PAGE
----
Having described the mechanism by which HPV-positive cancer cells succumb to chemotherapy, the Ogretmen lab next wanted to determine if they could apply these findings to HPV-negative cancers, since patients with these cancers are much more likely to succumb to their disease relative to patients with HPV-related cancer.
"Based on these mechanistic findings, we developed a peptide that can mimic the HPV effects without the HPV infection," says Ogretmen.
In order to accomplish this, they developed a peptide that mimics the interaction of the cellular proteins E2F5 and DRP1. Treatment of HPV- oral cancer cells with cisplatin and this novel peptide led to increased cell death in a manner that was similar to treatment of HPV-positive cancer cells with cisplatin. Further experiments showed that this peptide was effective at killing HPV cancer cells in a mouse model.
Future studies are aimed at better understanding the mechanism by which ceramide is incorporated into mitochondria. How does ceramide enter the cell? How is ceramide transported to the mitochondria? Better understanding of this pathway may provide further avenues for improved treatment with cisplatin or other ceramide-like compounds.
Overall, these results demonstrate that chemotherapy is much more effective in HPV-positive cancer cells and that this improved efficacy can be achieved in HPV-negative cancer cells through co-treatment with an E2F5 peptide.
"We are very excited about the potential therapeutic aspects of this peptide; however, developing a drug and taking that drug to the clinic takes a lot of effort and a lot of funding," says Ogretmen.
There are many hurdles that have to be overcome before this novel treatment becomes available in the clinic. One of the first hurdles is manufacturing large quantities of the peptide using good laboratory practices, which is a requirement of the Food and Drug Administration
New cancer drug reduces tumor size by 'up to 50 percent'
(U.K.) New research from the University of Southampton in the United Kingdom investigates the way in which cancer takes over certain cell types and uses them as a life support. Finding a way to target these turncoat cells could help to reduce a tumor's success.
One of the many reasons that cancer is so difficult to treat is its ability to hijack normal cellular components and switch them from useful to deadly. Cancer can therefore turn vital, natural cell types against the body.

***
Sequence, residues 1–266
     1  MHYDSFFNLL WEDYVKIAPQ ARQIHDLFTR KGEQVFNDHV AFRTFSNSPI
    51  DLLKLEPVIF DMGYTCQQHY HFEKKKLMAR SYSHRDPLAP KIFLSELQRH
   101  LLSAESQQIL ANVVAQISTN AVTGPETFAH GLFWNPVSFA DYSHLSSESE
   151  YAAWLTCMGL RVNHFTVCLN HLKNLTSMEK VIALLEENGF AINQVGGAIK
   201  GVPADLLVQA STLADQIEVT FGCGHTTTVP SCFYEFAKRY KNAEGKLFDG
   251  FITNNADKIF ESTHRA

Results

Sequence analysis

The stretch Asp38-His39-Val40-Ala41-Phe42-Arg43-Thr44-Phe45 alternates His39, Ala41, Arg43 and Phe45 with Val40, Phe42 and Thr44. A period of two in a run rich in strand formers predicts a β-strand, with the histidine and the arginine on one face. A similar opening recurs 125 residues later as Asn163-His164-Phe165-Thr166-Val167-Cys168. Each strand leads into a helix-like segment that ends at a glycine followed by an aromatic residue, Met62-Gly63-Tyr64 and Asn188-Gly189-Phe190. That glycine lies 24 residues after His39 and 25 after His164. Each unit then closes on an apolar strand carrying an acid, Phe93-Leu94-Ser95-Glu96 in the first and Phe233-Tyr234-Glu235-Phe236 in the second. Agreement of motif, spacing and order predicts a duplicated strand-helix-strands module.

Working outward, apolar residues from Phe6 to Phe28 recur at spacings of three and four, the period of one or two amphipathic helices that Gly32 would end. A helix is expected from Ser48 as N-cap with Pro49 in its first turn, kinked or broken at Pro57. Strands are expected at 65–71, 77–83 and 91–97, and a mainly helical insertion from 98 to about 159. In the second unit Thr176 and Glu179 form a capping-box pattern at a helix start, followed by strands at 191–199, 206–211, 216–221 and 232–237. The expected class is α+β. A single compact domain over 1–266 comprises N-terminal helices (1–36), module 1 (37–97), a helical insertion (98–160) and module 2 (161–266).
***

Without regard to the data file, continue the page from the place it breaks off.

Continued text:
As Dr. Aine McCarthy, Cancer Research UK's senior science information officer, says, "Some cancers are incredibly difficult to treat and can use the body's own cells to help them grow, evade treatment, and spread around the body. Researchers have been trying to unlock the secrets behind this for many years."
The findings of the most recent study in this field, carried out by researchers at the University of Southampton, are published this week in the Journal of the National Cancer Institute.
An example of the repurposing of the body's biological mechanisms involves fibroblasts. Normally, these cells make a range of products, such as collagen and elastic fibers, helping to fix organs and cells together.
However, cancer can utilize these cells for its own purpose, turning them into cancer-associated fibroblasts (CAFs).
CAFs support a tumor as it grows and can help it spread. Earlier studies carried out at the University of Southampton have demonstrated that increased CAF levels are associated with poorer survival rates in a number of cancers, including bowel and head and neck cancers.
They have also shown that CAFs protect cancer cells from chemotherapy and suppress the immune system's anti-cancer response.
The relationship between CAF levels and survival could make them a potential target for pharmacological intervention. To date, however, attempts to interact with them have been unsuccessful.